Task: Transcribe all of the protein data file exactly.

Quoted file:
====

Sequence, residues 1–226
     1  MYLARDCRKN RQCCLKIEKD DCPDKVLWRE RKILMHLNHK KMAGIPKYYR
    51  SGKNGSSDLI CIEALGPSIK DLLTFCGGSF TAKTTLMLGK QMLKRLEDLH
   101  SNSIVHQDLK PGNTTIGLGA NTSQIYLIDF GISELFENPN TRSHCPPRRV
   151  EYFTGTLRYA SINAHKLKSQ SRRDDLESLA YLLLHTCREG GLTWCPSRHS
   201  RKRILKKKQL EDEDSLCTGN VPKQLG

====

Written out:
Sequence, residues 1–226
     1  MYLARDCRKN RQCCLKIEKD DCPDKVLWRE RKILMHLNHK KMAGIPKYYR
    51  SGKNGSSDLI CIEALGPSIK DLLTFCGGSF TAKTTLMLGK QMLKRLEDLH
   101  SNSIVHQDLK PGNTTIGLGA NTSQIYLIDF GISELFENPN TRSHCPPRRV
   151  EYFTGTLRYA SINAHKLKSQ SRRDDLESLA YLLLHTCREG GLTWCPSRHS
   201  RKRILKKKQL EDEDSLCTGN VPKQLG